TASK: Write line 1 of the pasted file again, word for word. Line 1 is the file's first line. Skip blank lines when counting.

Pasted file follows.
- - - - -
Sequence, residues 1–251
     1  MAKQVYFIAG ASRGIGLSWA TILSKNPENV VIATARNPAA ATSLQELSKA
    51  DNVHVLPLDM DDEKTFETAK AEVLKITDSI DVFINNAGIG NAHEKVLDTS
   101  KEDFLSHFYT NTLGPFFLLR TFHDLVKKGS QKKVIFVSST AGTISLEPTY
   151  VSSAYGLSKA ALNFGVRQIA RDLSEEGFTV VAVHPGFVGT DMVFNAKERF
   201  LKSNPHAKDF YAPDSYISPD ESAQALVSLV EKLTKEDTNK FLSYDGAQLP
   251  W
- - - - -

Sequence, residues 1–251